A major cyber-attack on the HSE’s IT system on Friday is continuing to impact on patient management systems and services this week.
Through the sophisticated ‘Conti’ ransomware attack, criminal elements accessed data on the health service’s IT network and have demanded a $20 million ransom in return for the compromised or stolen data.
The Department of Health’s IT system was also the subject of a cyber-attack last week but an attempt to execute the malicious software was detected and stopped.
As many as 50 cyber-attacks occur per week in Ireland but these latest attacks are significantly impacting health services in the midst of a pandemic.
Ronan Murphy from Smarttech in Cork, which provides IT security services to hospitals and health services, said: “They have taken down an entire health service of an entire country in the midst of a global pandemic”.
An estimated 700 Gigabytes of data has been stolen, which represented “a lot of data”, he added.
The ransomware attack has “compromised” the HSE’s entire system and is impacting on services, equipment, and access to patient records.
The National Cyber Security Team, An Garda Síochána and Interpol are working with Government to respond to the ransomware attack, while the HSE works around the clock to restore its IT networks and systems.
More than 85,000 computers across the HSE have been shut down to contain the attack, meaning that hospitals and services are working in isolation from the central system, causing disruptions to services.
The HSE’s infrastructure consists of around 2,000 systems across thousands of separate locations and will require detailed on-the-ground work to restore and rebuild the network piece by piece.
Since Friday, the main impact has been on radiology services and blood test results. Laboratory services are also running at 10% capacity and are only dealing with priority samples for tests.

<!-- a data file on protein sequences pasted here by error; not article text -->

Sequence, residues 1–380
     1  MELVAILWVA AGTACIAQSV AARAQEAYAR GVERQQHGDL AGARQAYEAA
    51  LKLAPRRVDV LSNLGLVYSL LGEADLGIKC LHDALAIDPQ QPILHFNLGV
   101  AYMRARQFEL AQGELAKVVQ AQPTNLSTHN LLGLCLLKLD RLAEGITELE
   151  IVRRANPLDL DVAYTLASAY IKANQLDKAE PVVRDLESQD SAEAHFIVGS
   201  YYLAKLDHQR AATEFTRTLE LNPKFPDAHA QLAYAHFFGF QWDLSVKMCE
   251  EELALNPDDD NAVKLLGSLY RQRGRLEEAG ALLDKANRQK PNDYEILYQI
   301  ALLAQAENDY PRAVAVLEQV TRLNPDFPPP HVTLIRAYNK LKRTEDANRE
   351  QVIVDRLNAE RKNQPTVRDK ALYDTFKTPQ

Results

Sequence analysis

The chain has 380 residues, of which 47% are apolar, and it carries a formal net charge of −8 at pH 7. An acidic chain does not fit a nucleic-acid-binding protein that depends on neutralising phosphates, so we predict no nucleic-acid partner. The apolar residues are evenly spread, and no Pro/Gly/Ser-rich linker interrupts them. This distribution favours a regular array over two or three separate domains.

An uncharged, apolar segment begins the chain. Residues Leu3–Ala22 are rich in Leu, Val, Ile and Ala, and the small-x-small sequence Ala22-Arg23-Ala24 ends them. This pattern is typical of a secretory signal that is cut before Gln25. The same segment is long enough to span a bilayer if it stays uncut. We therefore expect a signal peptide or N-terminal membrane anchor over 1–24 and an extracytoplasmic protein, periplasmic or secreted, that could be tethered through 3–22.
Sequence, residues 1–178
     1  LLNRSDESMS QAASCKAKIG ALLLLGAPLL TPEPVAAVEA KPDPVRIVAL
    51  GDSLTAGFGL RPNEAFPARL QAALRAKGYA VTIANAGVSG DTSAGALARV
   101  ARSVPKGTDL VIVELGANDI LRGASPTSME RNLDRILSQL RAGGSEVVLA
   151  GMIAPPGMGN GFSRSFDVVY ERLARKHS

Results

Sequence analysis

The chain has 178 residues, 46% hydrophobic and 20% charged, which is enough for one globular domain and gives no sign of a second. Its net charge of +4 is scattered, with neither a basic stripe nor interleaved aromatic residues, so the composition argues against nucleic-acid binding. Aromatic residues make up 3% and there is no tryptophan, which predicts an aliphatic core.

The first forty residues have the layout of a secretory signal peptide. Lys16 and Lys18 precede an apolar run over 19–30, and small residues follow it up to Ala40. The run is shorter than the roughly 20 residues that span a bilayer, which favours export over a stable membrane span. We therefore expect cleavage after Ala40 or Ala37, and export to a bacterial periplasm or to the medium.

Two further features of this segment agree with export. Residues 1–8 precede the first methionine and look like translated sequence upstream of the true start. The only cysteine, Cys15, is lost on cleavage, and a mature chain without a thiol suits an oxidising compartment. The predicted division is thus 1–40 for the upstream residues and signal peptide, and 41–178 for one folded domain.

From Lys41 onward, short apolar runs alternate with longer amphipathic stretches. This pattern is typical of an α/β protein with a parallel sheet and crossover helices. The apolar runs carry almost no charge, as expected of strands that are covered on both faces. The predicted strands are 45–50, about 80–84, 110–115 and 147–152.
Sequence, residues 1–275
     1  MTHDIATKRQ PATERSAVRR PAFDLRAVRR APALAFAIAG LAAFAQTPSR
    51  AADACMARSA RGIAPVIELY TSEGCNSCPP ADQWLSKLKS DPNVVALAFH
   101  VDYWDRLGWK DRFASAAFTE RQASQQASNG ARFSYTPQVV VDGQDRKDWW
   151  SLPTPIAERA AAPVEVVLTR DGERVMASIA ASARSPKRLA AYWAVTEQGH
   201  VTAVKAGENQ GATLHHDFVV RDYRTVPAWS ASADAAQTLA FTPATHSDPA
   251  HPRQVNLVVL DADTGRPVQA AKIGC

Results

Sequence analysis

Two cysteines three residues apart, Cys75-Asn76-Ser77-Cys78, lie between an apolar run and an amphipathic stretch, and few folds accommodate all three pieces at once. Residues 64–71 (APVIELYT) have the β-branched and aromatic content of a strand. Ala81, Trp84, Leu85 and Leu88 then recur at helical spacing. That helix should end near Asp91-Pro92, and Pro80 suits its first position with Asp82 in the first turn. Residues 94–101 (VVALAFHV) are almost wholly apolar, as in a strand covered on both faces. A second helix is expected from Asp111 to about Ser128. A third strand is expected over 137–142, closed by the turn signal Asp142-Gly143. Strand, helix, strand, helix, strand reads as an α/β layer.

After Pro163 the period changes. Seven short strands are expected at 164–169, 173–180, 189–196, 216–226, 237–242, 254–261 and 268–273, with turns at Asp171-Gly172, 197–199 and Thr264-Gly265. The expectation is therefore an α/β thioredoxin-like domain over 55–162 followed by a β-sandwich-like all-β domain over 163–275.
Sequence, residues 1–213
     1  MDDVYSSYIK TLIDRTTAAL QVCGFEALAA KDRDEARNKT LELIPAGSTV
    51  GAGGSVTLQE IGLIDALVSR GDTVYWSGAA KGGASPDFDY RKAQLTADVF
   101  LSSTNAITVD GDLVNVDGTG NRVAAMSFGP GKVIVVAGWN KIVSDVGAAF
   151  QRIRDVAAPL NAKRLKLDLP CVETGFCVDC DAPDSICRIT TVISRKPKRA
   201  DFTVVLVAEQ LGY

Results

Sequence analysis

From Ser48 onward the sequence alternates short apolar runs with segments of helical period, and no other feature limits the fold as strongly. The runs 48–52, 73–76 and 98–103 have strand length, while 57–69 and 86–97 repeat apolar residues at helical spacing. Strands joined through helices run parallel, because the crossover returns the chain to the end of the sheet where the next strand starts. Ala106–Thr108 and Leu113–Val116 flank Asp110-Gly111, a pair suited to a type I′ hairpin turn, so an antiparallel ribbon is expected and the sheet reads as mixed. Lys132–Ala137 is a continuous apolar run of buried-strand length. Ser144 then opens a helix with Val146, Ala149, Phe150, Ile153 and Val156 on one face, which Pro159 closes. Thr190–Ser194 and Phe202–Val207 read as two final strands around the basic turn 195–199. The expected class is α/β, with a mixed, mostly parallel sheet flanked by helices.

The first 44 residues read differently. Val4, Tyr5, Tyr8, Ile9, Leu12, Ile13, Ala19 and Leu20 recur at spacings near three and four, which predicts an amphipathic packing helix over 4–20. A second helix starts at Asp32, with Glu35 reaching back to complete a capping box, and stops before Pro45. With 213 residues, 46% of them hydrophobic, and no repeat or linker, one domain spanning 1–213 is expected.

While many patient appointments continued on Friday and Monday, health services expect to cancel scheduled care for the rest of the week and emergency services are reporting delays because of the attack.
Private hospitals are also being used to provide cancer services and some diagnostics.
The Covid-19 vaccination rollout has been unaffected and the HSE also managed to restore testing and tracing systems over the weekend.
Former HSE boss Tony O’Brien said the attack was having a “substantial” impact on the 4,000 day case procedures and 12,000 outpatient appointments that take place every day across the health service.
The child and family agency, Tusla, has also been impacted by the attack.
The HSE has advised patients to check for updates on its website.
The HSE is working to identify what data has been stolen, including patient data.
The Data Protection Commissioner has been alerted of a “potential breach” and the HSE said it could not, at this stage, reassure patients that their data had not been compromised or would not be published online by criminals behind the cyberattack.
Health officials have said the damage caused by the ransomware attack will be significant and will take some time to resolve.
HSE boss Paul Reid said it could cost “tens of millions” of euro to carry out a “very significant rebuild” of the health service’s IT network.
Ronan Murphy from Smarttech estimated it would take “a number of weeks” at least to restore systems and the costs will run into “millions”: “There is no quick fix. This is a big problem”.
Cyber-attack in numbers:
- 50 cyberattacks per week in Ireland
- 2,000 systems across HSE IT network
- 85,000 computers shut down to contain attack
- 4,000 day cases and 12,000 outpatient appointments affected